I did love how she thought up the pranks (her pranks were, at times a bit painful, but also hilarious fun). And I loved how a prank war ensued between Mackenzie/Bailey and Landon. How they each tried to do better than the other. (which ended in hilarious situations)

I disliked Landon in the beginning. He was a total asshole and I just wanted to smack him. Using Mackenzie like that, just no. Luckily he changes (yeah for hits to the head) and he becomes more sweet and nice. I really loved that Landon.

Bailey, ah my favourite side-character. I loved her, she was a fantastic person and I loved how she was there for Mackenzie and tried to help her. I do hope these two will stay friends even when they are away from each other. *crosses fingers*

All in all a fun, interesting book and I would certainly recommend it. A nice summer read. But I will have to warn people, you will have to push yourself at times. I also had a few parts where I just wanted to close the book, but I continued, and dang I am happy I did.

Review first posted at http://twirlingbookprincess.com/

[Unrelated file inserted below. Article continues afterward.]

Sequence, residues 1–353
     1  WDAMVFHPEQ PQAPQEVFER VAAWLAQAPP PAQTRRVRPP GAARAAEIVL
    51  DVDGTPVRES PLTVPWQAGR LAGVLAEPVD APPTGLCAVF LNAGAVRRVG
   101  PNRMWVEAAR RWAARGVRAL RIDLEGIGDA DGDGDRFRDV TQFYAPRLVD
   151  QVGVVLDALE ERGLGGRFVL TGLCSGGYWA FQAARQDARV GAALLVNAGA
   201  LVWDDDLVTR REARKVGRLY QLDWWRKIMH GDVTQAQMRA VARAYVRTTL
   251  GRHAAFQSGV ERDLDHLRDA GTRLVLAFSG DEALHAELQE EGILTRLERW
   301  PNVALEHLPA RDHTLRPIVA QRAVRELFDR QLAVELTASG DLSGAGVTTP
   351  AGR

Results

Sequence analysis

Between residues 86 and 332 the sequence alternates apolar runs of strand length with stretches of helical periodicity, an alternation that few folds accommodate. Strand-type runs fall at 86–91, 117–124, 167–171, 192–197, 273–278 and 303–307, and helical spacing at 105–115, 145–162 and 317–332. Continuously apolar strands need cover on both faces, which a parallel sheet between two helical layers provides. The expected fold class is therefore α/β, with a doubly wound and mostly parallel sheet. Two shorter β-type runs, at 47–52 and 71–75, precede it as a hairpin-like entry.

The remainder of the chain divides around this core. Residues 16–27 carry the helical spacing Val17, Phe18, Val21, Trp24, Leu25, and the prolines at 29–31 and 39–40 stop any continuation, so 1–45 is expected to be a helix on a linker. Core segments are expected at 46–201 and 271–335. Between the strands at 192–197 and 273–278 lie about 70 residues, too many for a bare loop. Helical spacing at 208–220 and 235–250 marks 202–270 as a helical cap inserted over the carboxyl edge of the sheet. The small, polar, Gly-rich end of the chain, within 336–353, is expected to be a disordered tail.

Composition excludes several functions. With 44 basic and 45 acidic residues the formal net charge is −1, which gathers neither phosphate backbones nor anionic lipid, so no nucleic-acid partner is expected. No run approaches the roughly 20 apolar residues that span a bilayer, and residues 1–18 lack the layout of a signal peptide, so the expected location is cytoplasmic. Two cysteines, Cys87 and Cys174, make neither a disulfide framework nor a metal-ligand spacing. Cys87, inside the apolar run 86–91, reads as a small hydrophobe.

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review 2014-03-16 00:00
In Too Deep
In Too Deep - Amanda Grace,Mandy Hubbard Actual rating: 3.5

*cue chatshow music*

image

So today on the show we have SAM!

image

HOLD YOUR HORSES, LADIES AND GENTLEMEN! The story we have prepared for you today revolves around one single, simple question:

How do you undo a lie?

By telling the truth, you say?

What if it's slightly harder than that?

What if it's easier to go along with the lie, than it is to tell the truth?

image

Now, now. Let's not judge before we hear the story! Welcome, Sam!

Sam: Hello!

Me: So Sam, care to tell us what story you are here to teach us today?

Sam: Well, it's complicated--

Me: It's not.

Sam: Okay, fine, it's not. So basically, I was in love with my best friend Nick--

image

Sam: ANYWAY. So I was in love with Nick, but he wasn't, although I was convinced he WAS, so I decided to go to a party and flirt with Mr Popular: Carter.

Me: image

Sam: So, anyway, we got to the party and I saw Carter disappear upstairs, so I thought I'd follow him. He goes into his room and I go after him, and tried to flirt...

Audience: image

Sam: *tearfully* Well, I tried to flirt and he humiliated me! He called me a two-bagger and laughed in my face!

Me: Visual of a two-bagger: image